GRC vs. IRM: Elements and 3 Key Differences
What is Governance, Risk Management and Compliance (GRC)?
Governance, Risk, and Compliance (GRC) is an organizational strategy that creates one organizational function handling governance, corporate risk management, and compliance with regulations and industry standards. GRC has also come to refer to an integrated suite of software functions used to implement and manage corporate GRC programs.
GRC’s set of practices and processes provide a structured approach to aligning IT with business goals. GRC can help businesses effectively manage IT and security risks, reduce costs and meet compliance requirements. It also provides valuable information about risk in your organization and the methods used to address it, improving business performance.
Related content: Read our guide to GRC tools
What is Integrated Risk Management (IRM)?
Integrated risk management is strongly focused on the “risk” component of GRC. It is an approach that encourages consideration of risk by all parts of the organization.
IRM improves decision-making and performance by enabling an organization to manage its risks and gain a comprehensive understanding of how those risks impact business processes.
IRM is an important part of modern governance best practices. It is a set of practices, processes, and technologies that can improve decision-making and business performance by promoting a culture of risk awareness.
Elements of GRC and IRM
The three components of GRC are defined as follows:
- Governance defines how the organization is managed in accordance with approved policies and strategies.
- Risk management defines how an organization identifies risk, classifies and prioritizes risk, and carries out strategies to control risks to its operations.
- Compliance defines how an organization adheres to industry standards, government regulations, and voluntary best practices.
Traditionally, different parts of the organization performed each of these activities. In the GRC approach, the three still exist as distinct components, but they interact and work together to support business processes more effectively.
The main goal of Integrated Risk Management (IRM) is to enable and support a culture of risk awareness. It provides a comprehensive view of how organizations manage their risks to improve decision-making and performance.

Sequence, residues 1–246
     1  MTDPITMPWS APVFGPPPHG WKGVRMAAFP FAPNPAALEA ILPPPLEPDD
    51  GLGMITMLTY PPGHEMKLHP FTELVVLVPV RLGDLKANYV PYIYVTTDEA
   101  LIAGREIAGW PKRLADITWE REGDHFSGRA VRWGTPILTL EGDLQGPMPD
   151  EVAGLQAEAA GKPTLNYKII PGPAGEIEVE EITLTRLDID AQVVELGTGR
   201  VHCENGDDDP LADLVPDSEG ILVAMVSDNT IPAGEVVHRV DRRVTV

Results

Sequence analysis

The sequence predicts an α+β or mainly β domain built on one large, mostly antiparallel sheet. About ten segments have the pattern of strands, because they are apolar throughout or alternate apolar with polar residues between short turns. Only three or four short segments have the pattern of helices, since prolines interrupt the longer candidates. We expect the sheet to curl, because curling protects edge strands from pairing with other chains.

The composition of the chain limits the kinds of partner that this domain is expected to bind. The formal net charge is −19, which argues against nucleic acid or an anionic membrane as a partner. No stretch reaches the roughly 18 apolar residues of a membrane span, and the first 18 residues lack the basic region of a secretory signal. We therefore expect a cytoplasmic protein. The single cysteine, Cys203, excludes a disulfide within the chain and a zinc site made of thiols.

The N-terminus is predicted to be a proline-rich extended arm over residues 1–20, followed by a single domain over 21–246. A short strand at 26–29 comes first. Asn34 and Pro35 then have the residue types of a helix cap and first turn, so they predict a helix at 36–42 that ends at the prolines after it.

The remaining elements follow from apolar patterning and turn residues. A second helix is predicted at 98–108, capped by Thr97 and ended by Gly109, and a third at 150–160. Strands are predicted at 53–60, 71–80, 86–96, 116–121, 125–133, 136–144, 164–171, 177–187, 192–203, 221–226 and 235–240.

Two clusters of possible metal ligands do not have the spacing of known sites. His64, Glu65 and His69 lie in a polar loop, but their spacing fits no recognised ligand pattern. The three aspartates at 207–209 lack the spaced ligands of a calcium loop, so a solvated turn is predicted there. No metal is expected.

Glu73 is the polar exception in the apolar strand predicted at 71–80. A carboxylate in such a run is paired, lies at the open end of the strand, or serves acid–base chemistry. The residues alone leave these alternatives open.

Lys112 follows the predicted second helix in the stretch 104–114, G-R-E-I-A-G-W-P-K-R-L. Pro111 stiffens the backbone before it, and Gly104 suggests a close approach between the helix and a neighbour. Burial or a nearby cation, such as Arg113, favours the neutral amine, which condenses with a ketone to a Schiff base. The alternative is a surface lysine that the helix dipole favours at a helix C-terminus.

Gartner defines IRM using the following principles:
- Strategy—provides a framework for governance and risk ownership that aims to improve business performance.
- Assessment—enables risk identification, assessment and prioritization.
- Response—specifies implementation of risk mitigation mechanisms.
- Communication—provides the most effective way to capture risk response and inform stakeholders.
- Monitoring—provides processes for systematically tracking risks based on governance objectives, risk ownership, responsibility, and compliance requirements.
- Technology—provides a concrete architecture for implementing an IRM Solution.
What are the Benefits of a GRC Platform
GRC management tools solve regulatory challenges while reducing the need for manual data entry. These tools can track obligations, mark compliance gaps, and automate tasks supported by flexible workflows. These features help improve team productivity and eliminate human error.
Easy Onboarding and Integration
Difficult recruitment processes and complex implementations are common concerns for large organizations adopting GRC tools. Modern GRC management tools eliminate silos, providing users with a unified interface for managing compliance data, improving productivity.
Real-Time Reporting and Monitoring
With a modern GRC platform, you do not need to wait for teams to run reports, analyze data, and provide insights. These platforms provide instant visibility into operations and compliance status. They typically include live dashboards and automated reporting capabilities, supported by automation and integration with existing datasets.
GRC management tools provide a customizable way to identify, measure, and remediate risk across the enterprise while complying with internal and external regulations. The software solution allows users to input analytical grids, custom fields, and custom views to manage and gain control over their datasets.
What are the Benefits of IRM Platforms?
Bringing Multiple Teams Together
IRM strives to bring multiple teams together. Individuals on different teams often have different priorities, different values, and sometimes completely different cultures; this is especially true if you include third-party vendors. When IRM becomes a central priority, all teams jointly understand and consistently implement risk management practices.
Automation of Vulnerability Detection and Mitigation